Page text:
Enduring environmental outcome
The Vailima-based Secretariat of the Pacific Regional Environment Progamme (S.P.R.E.P.) and the University of Newcastle have signed a Memorandum of Understanding at the inaugural Clean Pacific Roundtable in Suva.
The agreement signifies the beginning of a new partnership to implement solutions for the benefit of both the environment and Pacific island communities.
Through the agreement, the University of Newcastle's excellence in applied research, development and problem solving will be utilised by S.P.R.E.P. in a number of environmental fields.
These include expertise in energy efficiency and renewable energy, resource management, contaminated land and hazardous wastes, sustainable environmental practices, disaster preparedness and risk reduction and connection to business and the private sector.
At the signing, Director General of S.P.R.E.P., Leota Kosi Latu, said the signing of this agreement signifies an important partnership.
"The expertise and ability that the University of Newcastle brings in terms of applied solutions will be incredibly useful to the work of S.P.R.E.P., our member countries and territories and to the whole Pacific region,” said Leota.
“This is a momentous occasion for S.P.R.E.P. and can be considered to be one of the enduring outcomes from this Clean Pacific Roundtable."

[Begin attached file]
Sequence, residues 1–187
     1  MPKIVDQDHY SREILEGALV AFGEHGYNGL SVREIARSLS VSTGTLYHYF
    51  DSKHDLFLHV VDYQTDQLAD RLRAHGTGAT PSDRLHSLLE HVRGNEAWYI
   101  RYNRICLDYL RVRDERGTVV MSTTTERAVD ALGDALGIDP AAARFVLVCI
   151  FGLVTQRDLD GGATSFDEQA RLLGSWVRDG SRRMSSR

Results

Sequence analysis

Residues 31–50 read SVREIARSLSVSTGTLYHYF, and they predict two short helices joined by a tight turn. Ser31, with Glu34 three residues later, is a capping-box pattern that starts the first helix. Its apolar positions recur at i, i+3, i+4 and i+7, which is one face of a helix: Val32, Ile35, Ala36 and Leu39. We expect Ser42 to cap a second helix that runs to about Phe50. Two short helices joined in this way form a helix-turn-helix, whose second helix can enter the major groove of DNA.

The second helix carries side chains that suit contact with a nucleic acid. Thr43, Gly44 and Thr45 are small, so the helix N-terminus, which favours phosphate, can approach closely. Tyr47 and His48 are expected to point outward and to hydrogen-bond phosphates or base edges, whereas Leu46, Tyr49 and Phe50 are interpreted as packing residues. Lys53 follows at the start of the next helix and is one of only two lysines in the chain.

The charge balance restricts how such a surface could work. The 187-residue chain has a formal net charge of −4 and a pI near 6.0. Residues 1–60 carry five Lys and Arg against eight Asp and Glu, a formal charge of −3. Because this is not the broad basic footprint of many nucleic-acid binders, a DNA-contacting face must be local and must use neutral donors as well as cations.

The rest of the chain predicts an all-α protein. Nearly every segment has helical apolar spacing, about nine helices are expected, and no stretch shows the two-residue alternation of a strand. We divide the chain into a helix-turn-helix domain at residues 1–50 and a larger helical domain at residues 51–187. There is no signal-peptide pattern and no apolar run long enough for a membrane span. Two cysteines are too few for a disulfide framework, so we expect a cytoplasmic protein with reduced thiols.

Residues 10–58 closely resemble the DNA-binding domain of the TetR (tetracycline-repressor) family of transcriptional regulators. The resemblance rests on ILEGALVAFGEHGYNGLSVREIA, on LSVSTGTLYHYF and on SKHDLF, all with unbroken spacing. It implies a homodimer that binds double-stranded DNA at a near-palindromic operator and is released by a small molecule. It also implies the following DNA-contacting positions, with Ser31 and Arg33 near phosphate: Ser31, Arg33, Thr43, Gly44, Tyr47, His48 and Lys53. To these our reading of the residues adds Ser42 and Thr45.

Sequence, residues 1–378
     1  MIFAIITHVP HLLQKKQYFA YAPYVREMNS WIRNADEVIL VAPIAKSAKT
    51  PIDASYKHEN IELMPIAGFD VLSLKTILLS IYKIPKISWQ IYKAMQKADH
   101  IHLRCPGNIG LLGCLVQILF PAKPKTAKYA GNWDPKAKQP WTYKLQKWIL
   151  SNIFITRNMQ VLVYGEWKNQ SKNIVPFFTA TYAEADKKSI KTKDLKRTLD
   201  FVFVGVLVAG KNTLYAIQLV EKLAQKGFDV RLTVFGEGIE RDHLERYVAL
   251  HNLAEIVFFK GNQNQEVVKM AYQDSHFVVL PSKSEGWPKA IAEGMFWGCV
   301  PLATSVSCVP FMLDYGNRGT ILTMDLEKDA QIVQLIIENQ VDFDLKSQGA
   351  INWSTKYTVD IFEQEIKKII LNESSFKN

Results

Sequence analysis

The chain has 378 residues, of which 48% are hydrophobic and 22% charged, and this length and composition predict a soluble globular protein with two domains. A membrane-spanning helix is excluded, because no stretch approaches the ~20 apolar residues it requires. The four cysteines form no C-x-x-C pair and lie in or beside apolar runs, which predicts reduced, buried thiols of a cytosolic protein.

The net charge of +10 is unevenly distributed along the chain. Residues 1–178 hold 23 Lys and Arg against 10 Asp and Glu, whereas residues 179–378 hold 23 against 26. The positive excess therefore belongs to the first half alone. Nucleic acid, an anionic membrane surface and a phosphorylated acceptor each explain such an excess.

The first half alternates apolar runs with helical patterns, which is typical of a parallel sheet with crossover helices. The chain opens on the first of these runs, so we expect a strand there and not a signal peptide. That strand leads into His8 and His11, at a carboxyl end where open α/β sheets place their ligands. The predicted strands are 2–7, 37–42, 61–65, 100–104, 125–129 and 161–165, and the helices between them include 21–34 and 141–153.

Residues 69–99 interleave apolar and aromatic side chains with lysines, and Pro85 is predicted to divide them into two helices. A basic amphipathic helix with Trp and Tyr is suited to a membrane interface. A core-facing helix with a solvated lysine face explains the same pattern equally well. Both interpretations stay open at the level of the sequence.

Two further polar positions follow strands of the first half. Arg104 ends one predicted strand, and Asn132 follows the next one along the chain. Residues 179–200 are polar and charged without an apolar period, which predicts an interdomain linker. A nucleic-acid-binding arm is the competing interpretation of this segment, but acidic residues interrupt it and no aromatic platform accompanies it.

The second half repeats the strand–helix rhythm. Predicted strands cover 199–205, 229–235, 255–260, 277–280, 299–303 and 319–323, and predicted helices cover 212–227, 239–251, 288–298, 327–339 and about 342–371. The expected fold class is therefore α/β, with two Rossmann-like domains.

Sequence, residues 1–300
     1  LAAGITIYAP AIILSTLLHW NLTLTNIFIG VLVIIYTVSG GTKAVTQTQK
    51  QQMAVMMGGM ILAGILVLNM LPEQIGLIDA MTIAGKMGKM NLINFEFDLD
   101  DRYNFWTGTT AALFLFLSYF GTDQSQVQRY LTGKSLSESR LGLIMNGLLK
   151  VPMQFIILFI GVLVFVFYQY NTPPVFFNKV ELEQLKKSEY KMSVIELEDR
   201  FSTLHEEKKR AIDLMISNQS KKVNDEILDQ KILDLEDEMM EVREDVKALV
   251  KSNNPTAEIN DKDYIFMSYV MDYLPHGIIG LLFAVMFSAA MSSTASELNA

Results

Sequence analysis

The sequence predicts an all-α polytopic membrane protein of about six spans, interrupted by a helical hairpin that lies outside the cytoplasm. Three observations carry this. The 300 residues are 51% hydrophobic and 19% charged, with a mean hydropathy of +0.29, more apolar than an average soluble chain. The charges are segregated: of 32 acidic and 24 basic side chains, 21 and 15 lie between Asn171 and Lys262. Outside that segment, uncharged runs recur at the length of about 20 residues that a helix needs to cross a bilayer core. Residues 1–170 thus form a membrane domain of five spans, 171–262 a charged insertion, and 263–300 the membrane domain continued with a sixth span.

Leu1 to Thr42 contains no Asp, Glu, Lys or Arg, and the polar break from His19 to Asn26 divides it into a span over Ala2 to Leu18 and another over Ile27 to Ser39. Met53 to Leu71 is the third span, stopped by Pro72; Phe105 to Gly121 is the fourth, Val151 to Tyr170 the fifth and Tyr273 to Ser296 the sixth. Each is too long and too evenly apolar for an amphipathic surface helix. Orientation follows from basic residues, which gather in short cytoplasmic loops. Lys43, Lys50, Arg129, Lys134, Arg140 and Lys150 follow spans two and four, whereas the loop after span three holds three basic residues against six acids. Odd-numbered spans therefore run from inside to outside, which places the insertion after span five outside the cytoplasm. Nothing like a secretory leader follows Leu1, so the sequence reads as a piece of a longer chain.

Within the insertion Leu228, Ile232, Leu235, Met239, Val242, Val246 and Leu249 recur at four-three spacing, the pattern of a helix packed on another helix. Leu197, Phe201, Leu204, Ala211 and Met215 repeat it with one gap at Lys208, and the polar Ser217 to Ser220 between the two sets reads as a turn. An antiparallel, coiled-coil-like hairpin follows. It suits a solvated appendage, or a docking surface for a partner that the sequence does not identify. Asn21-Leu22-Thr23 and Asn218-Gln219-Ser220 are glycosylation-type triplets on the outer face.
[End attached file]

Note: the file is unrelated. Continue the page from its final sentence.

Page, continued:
Signing the M.o.U. on behalf of the University of Newcastle was Dr. Alan Broadfoot, Director of the Newcastle Institute for Energy and Resources.
Mr. Broadfoot expressed his delight at the new commitment to cooperation between the two parties.
"The University of Newcastle is very excited to be here at the Clean Pacific Roundtable where three of our Professors are here to engage with the programme,” he said.
“We come with the strength and motivation to work with S.P.R.E.P. and its members to develop solutions through applied research, integrated training and innovation. It’s the beginning of a new partnership and we’re looking forward to working with S.P.R.E.P. to implement practical solutions across the region."